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Emily LakdawallaOctober 5, 2012

Deep Impact targets possible 2020 asteroid flyby

Yesterday, Deep Impact performed a trajectory correction maneuver, firing its thrusters to line up for a flyby seven years from now. Deep Impact, you might recall, launched January 12, 2005 and flew past comet Tempel 1 on July 4 of the same year. It went on to a bonus encounter with Hartley 2 on November 25, 2010. At the time of the Hartley 2 flyby, we were told that Deep Impact was too low on fuel to be able to set up a third encounter. Since then, though, navigators have identified a target close to Deep Impact's trajectory: asteroid 163249 (2002 GT). The October 4, 2012 rocket burn steered Deep Impact toward a January 4, 2020 flyby of the asteroid.

Deep Impact

NASA / JPL

Deep Impact

Asteroid 163249 is pretty small, probably around 800 (plus or minus 400) meters across. That would make it the second-smallest minor planet to be visited by a spacecraft, between Itokawa and Hartley 2 in size -- but by the time Deep Impact gets to it, OSIRIS-REx will have visited a similar-sized one, 101955 (1999 RQ36), which is, by the way, the subject of the Name That Asteroid contest, still ongoing.

Asteroid 163429's trajectory classifies it as a "potentially hazardous asteroid." Not a lot is known about its physical properties, but information should be better by this time next year. That's because it will have a reasonably close approach to Earth next year, passing within 18 million kilometers on June 26. As a possible target of future exploration, there will undoubtedly be lots of telescopes pointed in its direction.

I asked Jessica Sunshine for some details on this proposed encounter, and here's the basic outline (although details could and probably would change). Deep Impact's possible January 4, 2020 flyby would be a nice one, at a close-approach distance of around 200 kilometers and a relative velocity of 7 kilometers per second. That's both closer and slower than the Hartley 2 flyby (which was at 700 kilometers and 12 kilometers per second). Deep Impact would approach the asteroid from its night side, seeing it at very high phase, which means the best science would happen on the way out, with the asteroid at lower phase of around 40 degrees. The encounter would happen while OSIRIS-REx is operating at asteroid 101955, a fun juxtaposition much like the dual comet encounters that happened with Hartley 2 and Tempel 1 two years ago.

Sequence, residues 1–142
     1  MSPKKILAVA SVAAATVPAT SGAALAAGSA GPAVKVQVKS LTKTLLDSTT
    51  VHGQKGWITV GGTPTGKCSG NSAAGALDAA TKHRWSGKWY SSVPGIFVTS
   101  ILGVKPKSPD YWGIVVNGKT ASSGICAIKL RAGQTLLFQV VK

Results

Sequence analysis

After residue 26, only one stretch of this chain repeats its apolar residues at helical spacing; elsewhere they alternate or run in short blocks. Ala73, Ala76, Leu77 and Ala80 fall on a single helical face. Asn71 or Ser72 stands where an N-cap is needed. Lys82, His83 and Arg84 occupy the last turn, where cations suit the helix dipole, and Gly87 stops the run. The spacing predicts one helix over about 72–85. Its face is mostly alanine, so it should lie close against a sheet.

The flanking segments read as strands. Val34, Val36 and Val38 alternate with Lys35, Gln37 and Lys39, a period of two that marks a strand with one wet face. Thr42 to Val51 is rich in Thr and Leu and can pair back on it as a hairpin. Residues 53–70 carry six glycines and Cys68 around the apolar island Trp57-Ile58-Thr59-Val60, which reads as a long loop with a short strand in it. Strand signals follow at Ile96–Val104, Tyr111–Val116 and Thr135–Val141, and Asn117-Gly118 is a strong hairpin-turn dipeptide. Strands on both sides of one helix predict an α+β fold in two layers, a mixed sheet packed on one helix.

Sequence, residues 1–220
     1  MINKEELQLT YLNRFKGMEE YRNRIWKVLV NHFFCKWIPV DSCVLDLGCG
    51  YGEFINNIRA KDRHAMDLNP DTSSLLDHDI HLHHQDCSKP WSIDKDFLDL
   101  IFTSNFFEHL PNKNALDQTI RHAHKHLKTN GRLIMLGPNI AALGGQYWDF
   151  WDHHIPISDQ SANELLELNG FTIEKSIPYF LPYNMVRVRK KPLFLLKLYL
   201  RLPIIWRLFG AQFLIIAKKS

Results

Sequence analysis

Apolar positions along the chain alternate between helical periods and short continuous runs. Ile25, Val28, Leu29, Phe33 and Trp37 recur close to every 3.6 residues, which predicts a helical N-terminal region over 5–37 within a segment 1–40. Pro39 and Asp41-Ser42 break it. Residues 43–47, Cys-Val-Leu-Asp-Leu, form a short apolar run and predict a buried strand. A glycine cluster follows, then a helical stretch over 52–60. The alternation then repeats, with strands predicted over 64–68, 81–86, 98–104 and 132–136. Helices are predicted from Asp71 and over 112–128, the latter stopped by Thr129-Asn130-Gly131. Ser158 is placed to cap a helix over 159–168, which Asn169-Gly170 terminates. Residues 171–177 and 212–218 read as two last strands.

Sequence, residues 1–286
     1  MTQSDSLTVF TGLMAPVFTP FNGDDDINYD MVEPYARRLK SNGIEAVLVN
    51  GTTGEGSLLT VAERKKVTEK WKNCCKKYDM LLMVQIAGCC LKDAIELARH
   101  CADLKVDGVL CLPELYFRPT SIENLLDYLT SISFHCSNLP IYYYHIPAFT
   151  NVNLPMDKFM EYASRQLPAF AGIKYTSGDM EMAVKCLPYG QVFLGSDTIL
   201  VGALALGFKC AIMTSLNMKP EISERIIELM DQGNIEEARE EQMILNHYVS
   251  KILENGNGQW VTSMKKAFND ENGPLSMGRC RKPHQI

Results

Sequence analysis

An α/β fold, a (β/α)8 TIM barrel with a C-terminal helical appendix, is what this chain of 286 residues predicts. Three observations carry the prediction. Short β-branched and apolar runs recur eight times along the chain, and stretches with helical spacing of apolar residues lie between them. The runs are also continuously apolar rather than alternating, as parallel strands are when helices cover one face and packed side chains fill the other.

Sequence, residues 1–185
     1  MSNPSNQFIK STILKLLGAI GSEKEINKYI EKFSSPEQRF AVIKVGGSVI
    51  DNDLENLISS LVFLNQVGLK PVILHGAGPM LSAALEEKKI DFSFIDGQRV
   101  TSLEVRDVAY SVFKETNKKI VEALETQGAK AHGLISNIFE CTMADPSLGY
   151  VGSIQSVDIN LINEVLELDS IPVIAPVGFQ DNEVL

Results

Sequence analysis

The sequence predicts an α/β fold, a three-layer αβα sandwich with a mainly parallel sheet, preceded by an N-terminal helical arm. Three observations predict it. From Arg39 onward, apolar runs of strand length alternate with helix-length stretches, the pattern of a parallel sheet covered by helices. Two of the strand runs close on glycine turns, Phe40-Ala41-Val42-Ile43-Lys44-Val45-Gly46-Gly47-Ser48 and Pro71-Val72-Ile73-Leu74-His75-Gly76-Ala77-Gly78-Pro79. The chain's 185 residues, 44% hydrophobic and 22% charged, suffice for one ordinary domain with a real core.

But do take notice of the conditional tense I'm using here. A mission extension that would allow Deep Impact to be kept in operation through January 2020 has been proposed, but not yet approved. And we all know the state of NASA's planetary exploration budget. I know that, historically, Deep Impact has done a stellar job of sticking within budget, devising operational tools that keep ongoing costs relatively low. And it would be really cool to be able to compare and contrast asteroids 163429 and 101955. The Hartley 2 encounter was extremely productive, scientifically; there's every reason to expect asteroid 163249 to be full of surprises. But while yesterday's rocket firing keeps Deep Impact's options open, it does not guarantee that NASA will exercise that option.

Deep Impact is now on course to fly close by asteroid 163429 no matter what. I hope that we can watch the encounter through its camera when it does!

Read more: Deep Impact, mission status, asteroids

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Emily Lakdawalla

Senior Editor and Planetary Evangelist for The Planetary Society
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Emily Lakdwalla
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